Thursday, April 5, 2012

Dangers from the new Runway at Hong Kong International Airport (HKG)

In May of of 2011 the Hong Kong International Airport released the "Hong Kong International Airport Master Plan 2030" which suggested that a new runway should be built onto the existing facility by extending the artificial island that is the airport's home.   There's been a lot of media lately about the dangers at the from the new runway project.  Since Minxi and I are kind of fond of HKG (It's where we met in February.) we thought we'd take a look at what's going on.

The first thing you need to understand is that Hong Kong International "Chek Lap Kok" is built entirely on a man made island off the side of Lantau island.

Hong Kong International Airport, HKG

In it's current state, with two functioning runways, it's capable of handling one take off or landing about every 56 seconds according to CNN.  The plan is to build a third runway, about the size of 5000 Olympic swimming pools.  With the third runway, the airport is expected to be able to handle a take off or landing about every 30 seconds.  At 300 passengers a flight, this works out to thousands people and millions of dollars a day.

Current growth estimates, again from CNN suggest that by 2030 Hong Kong's air traffic will increase from fifty million annually to nearly one hundred million annually with a matching increase in air freight.  The airport pretty much has to have the runway to meet the need.

If you're looking for ground transportation info. on the airport, try here.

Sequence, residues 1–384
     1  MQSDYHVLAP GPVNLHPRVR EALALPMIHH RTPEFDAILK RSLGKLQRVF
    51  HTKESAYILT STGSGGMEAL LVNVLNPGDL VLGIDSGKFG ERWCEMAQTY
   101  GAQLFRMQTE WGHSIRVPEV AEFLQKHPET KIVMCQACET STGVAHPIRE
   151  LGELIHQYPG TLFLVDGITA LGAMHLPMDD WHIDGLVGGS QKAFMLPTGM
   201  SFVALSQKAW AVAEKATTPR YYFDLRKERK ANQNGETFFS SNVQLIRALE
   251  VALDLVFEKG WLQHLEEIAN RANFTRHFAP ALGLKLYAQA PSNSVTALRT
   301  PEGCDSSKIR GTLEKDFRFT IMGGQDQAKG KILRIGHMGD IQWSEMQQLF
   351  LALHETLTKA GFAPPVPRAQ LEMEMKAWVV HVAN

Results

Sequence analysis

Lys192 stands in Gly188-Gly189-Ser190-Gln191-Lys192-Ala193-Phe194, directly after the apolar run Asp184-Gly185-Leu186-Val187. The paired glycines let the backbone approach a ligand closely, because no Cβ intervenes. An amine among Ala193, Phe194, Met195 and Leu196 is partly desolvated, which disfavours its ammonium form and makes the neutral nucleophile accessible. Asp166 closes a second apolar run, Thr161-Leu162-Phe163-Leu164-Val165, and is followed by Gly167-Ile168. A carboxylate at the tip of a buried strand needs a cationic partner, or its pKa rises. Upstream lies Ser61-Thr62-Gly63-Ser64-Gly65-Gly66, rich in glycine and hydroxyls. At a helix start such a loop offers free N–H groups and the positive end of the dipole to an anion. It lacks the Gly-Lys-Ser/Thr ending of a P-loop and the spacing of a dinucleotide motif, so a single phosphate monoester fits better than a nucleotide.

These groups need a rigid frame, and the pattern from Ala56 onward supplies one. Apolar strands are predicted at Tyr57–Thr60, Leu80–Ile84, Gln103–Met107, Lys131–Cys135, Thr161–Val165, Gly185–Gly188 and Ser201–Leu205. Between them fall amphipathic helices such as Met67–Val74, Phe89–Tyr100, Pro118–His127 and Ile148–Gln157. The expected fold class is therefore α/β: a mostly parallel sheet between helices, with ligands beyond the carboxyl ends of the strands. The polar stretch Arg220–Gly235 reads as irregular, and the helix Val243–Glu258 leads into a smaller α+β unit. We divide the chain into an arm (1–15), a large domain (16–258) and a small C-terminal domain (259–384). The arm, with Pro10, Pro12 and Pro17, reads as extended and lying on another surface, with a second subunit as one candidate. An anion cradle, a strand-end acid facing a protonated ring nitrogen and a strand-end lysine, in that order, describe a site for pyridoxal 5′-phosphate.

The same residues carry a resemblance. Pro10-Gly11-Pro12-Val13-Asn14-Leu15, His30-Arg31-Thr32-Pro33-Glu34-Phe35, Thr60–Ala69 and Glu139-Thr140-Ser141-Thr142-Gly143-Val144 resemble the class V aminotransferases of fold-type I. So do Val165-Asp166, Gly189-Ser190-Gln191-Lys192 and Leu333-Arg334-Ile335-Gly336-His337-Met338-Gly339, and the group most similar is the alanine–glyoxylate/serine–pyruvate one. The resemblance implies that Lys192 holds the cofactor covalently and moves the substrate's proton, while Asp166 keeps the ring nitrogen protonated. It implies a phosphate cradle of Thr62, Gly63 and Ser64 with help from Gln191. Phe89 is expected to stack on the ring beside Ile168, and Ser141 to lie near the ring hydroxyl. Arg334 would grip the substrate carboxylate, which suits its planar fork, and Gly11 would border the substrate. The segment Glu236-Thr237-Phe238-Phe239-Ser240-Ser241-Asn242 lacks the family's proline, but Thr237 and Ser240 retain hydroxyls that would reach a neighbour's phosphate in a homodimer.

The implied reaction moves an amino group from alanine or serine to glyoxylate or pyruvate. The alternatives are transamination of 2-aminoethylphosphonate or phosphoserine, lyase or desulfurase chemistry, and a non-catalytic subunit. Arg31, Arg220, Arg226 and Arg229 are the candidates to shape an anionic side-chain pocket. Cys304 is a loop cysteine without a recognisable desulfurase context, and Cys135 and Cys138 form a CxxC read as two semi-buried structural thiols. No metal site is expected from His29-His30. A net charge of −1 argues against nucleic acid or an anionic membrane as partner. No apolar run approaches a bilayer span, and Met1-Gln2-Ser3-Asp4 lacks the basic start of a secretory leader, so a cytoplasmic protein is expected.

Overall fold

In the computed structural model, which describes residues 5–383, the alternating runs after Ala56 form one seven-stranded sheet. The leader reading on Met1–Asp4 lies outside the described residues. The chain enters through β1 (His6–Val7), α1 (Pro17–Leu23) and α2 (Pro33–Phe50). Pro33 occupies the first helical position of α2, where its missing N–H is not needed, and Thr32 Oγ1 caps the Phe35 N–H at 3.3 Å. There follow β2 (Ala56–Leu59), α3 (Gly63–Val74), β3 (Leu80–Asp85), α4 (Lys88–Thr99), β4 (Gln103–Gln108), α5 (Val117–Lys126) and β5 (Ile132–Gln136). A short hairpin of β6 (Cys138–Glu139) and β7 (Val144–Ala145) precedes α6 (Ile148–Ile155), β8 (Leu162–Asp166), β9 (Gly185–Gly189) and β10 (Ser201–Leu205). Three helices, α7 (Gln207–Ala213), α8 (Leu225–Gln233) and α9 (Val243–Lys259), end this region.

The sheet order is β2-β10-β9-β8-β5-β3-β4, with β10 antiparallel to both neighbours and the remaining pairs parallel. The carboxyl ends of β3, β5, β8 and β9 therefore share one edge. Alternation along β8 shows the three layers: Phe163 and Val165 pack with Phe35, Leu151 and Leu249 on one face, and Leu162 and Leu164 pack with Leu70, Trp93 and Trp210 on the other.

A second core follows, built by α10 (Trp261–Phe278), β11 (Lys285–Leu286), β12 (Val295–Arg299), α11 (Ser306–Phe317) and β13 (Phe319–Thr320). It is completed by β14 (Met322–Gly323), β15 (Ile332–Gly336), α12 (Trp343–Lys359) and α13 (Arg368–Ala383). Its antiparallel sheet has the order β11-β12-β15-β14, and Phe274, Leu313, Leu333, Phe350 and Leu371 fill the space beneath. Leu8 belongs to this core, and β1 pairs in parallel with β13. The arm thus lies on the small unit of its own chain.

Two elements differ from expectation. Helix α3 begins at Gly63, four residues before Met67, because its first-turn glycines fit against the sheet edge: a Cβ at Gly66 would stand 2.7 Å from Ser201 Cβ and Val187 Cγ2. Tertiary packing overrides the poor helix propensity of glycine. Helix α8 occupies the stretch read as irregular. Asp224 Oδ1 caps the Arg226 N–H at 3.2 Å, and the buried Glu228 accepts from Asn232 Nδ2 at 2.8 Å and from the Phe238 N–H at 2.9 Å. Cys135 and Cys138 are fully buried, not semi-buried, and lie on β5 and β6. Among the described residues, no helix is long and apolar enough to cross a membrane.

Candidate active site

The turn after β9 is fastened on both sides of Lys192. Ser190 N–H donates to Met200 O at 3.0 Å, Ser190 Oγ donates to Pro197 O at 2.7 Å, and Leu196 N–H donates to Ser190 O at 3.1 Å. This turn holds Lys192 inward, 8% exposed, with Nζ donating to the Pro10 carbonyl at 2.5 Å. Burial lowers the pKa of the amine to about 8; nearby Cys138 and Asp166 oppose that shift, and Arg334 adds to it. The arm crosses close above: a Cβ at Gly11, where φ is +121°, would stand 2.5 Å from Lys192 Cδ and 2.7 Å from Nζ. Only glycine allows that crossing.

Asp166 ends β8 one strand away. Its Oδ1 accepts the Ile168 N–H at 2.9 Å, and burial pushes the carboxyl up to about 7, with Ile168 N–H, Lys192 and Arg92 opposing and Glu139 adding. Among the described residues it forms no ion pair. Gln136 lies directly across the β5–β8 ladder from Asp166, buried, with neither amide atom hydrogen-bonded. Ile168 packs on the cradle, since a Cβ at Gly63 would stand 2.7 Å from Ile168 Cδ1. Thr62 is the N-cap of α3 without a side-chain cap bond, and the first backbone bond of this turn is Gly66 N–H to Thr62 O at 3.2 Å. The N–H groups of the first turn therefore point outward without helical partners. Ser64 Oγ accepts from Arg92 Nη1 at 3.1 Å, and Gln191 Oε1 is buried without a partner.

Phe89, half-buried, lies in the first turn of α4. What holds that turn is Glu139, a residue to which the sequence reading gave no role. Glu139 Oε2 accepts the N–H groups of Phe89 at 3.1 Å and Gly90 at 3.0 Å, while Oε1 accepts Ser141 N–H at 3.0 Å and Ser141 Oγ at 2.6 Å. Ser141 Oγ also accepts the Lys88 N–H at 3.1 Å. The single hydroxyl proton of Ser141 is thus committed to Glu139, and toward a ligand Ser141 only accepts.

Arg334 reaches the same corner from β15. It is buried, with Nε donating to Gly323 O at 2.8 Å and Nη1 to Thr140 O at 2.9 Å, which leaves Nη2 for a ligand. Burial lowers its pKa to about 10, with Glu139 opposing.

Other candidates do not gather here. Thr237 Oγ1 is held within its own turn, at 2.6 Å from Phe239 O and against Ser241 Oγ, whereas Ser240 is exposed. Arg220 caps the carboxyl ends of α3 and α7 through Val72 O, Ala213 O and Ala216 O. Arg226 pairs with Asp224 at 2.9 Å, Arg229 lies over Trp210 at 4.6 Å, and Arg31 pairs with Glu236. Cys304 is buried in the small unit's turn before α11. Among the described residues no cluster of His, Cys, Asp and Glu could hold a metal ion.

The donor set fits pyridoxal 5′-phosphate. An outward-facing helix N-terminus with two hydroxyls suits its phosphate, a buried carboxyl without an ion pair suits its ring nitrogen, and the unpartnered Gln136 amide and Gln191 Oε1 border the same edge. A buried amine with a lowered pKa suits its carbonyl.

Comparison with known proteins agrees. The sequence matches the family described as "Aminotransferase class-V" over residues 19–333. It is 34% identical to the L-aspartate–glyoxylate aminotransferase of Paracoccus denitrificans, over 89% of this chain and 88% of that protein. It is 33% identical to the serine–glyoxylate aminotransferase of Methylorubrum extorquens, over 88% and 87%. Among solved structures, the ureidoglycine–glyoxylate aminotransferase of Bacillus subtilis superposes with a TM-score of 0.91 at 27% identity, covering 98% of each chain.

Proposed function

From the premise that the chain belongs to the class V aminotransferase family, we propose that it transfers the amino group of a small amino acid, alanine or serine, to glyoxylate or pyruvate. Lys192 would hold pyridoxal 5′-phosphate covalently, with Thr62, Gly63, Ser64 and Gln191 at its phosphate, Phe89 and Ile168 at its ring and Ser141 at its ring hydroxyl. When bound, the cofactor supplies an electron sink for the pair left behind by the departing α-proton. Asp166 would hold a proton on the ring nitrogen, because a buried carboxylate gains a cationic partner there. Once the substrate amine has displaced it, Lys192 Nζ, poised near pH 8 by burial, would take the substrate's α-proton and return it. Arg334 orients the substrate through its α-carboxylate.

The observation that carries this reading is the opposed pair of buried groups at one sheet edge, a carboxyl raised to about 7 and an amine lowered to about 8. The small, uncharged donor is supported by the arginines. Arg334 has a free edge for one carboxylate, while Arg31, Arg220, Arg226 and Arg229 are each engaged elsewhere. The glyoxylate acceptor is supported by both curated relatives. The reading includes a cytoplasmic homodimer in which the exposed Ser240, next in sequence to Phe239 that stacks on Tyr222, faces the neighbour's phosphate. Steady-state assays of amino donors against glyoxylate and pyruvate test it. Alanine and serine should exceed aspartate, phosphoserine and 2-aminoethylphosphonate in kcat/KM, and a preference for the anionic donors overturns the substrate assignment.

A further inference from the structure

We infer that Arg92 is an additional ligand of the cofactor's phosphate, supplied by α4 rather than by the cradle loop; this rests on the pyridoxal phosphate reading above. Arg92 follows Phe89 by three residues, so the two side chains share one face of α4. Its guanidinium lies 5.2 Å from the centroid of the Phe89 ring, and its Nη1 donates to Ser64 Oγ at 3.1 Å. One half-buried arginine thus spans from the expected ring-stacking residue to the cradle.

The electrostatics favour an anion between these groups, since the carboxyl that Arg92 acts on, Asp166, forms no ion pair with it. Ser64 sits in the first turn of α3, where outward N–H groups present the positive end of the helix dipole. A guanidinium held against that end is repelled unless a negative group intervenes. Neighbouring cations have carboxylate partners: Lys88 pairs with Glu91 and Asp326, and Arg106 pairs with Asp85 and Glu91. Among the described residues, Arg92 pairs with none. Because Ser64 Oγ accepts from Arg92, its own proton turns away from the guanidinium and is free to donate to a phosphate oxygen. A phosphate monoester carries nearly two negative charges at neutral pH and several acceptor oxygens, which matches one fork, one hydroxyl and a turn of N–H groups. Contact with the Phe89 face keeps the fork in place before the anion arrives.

So what's the problem?

Chinese Pink Dolphins in Hong Kong Harbor

Adorable Pink Dolphins that's what!   Well, a whole lot of environmental concerns actually but cuddly pink dolphins top the list.  There's only about a hundred of the dolphins left in the waters around Hong Kong and any invasion into the sea is a cause for concern.  But is the runway dangerous to them and the rest of the environment?   That's a difficult question to answer.

Being a city of seven million people on a landmass of only 426 square miles, Hong Kong places tremendous pressure on the ocean around it.  There, water pollution, noise pollution, habitat destruction and a host of other issues.  Put into the context of the overall human impact on the ocean around Hong Kong, the new runway doesn't seem as big a deal.

Physically, while 5000 Olympic swimming pools seems very large, compared to the size of the ocean, or even just the waters around Hong Kong, it's not much space, less that 1/2% of the total Pearl River estuary.   The real questions have to do with water pollution and noise pollution and these questions remain largely unanswered at this point.

Fortunately, Hong Kong is a world leader in Environmental initiatives.  Fully 40% of Hong Kong's landmass is dedicated to parks and wildlife preserves.  (Maybe that's why Nathan Lane always seems so crowded.)  They have a strong environmental lobby and a track record of balancing human needs with the need to preserve their beautiful heritage.

The staff of HKG recently put out the "Hong Kong International Airport Master Plan 2030" out lining their plans.  You can see the video they put out on the subject here:

Can a third runway be put in at Hong Kong International Airport without sever environmental impact?  That has yet to be seen, but if any city in Asia has the power and smarts to grow and grow green at the same time, it's Hong Kong.  Good luck little pink dolphins!  Good luck HKG!

For more information on the Hong Kong International Airport click here.

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